Over two dozen widows of Madison County, Alabama employees received health insurance via their deceased husbands’ policies. Then along came ObamaCare’s grandfather regulations. Here’s WHNT with the rest of the story:
A few widows—wonder why they couldn’t get an exemption to ObamaCare’s rules? Here’s a wild guess: They don’t have anywhere near the political clout that labor unions do.
In other news, enrollment in exchange policies in Georgia isn’t looking so good:
Georgia insurers received more than 220,000 applications for health coverage in the Affordable Care Act’s exchange as of the official federal deadline of March 31, state officials said Wednesday. - See more at:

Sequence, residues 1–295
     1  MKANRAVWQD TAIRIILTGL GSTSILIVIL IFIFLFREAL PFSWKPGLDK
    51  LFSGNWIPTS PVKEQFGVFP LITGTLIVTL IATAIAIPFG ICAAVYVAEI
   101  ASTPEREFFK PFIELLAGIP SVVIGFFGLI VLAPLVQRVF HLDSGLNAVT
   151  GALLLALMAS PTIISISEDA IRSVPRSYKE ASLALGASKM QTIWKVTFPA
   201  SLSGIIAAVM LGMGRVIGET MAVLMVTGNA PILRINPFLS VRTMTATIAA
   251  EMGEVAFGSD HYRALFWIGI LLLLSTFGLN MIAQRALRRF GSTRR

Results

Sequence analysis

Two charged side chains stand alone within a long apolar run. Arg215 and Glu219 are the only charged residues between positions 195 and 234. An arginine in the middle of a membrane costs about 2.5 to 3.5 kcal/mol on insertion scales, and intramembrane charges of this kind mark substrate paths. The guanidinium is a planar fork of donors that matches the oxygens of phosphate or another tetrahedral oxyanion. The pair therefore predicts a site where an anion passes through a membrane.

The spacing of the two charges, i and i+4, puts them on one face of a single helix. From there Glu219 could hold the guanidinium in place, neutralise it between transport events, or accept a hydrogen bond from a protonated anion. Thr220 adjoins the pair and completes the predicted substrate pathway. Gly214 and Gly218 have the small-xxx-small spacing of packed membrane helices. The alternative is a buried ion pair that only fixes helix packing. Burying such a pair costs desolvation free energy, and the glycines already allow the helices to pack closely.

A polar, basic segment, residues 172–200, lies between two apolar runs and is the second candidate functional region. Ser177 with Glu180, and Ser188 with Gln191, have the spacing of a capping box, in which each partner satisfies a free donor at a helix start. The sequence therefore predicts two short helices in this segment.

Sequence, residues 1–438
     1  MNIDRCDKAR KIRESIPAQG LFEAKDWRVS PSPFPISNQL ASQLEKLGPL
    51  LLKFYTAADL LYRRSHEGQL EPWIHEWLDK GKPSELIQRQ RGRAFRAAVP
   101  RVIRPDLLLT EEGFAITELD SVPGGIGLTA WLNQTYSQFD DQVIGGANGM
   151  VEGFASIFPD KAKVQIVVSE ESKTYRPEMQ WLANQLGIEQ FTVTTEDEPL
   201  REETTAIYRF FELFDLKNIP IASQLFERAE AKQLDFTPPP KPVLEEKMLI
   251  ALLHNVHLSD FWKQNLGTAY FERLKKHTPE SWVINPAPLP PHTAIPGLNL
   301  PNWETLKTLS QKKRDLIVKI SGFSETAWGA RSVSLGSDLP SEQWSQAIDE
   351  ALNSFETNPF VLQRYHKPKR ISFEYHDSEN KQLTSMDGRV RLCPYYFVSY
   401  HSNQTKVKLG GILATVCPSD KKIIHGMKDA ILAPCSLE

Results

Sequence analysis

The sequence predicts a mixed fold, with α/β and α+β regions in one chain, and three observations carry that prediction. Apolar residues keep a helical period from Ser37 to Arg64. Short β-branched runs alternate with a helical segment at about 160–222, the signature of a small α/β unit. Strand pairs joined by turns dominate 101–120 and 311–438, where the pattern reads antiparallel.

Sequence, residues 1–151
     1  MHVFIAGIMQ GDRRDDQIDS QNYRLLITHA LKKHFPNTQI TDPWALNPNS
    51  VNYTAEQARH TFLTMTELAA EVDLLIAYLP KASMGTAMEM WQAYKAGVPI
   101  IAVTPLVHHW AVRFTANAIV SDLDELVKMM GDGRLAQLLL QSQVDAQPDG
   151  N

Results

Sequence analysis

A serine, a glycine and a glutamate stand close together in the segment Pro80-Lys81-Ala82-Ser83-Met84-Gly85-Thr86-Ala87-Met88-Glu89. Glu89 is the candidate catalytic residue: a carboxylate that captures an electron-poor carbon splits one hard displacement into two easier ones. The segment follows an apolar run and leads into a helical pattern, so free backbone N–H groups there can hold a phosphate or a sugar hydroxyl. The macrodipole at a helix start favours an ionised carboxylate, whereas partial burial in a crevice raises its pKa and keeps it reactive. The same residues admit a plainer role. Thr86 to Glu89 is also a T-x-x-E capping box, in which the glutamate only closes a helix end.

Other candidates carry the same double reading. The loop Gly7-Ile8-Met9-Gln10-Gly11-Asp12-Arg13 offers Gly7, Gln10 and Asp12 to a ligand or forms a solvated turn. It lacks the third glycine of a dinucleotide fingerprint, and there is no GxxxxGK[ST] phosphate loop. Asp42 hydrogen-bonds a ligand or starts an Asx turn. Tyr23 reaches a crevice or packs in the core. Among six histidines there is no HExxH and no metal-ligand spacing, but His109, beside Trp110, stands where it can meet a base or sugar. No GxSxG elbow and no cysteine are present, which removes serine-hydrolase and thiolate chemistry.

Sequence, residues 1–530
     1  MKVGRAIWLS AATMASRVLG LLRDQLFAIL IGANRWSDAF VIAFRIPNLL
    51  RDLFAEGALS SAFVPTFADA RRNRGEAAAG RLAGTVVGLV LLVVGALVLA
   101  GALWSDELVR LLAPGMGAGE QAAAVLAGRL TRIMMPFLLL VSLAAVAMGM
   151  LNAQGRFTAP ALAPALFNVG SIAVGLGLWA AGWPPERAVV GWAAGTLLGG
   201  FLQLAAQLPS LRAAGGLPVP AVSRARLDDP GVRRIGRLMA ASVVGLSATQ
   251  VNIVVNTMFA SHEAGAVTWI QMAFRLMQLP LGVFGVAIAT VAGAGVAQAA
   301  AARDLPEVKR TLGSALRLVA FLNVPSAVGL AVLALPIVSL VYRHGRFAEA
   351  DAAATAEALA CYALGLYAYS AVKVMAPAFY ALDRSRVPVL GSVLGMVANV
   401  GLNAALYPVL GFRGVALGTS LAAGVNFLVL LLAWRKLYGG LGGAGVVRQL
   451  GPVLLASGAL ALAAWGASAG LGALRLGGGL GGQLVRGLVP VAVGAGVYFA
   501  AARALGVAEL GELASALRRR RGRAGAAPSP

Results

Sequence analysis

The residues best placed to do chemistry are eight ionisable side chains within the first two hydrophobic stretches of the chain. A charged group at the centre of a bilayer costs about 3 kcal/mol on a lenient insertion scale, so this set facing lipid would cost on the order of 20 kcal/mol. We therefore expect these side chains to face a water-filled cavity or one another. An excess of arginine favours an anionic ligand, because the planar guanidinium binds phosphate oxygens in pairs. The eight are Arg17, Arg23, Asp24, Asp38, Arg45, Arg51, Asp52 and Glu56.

Insurance Commissioner Ralph Hudgens, though, said premiums have been received for only 107,581 of those policies, which cover 149,465 people.
“Many Georgians completed the application process by the deadline, but have yet to pay for the coverage,” Hudgens said in a statement Wednesday.
Some of that discrepancy is likely due to the late surge in enrollments which is undoubtedly inflating the number of people who haven’t paid their premium. But with such a high number, chances are good that the number of enrollees in Georgia who don’t pay their premiums will be higher than much-touted 20 percent.
As goes Georgia, so goes the nation? Well, no. The rate of non-payment could be much lower in other parts of the country. We’ll just have to wait and see if Georgia is an aberration or a warning sign.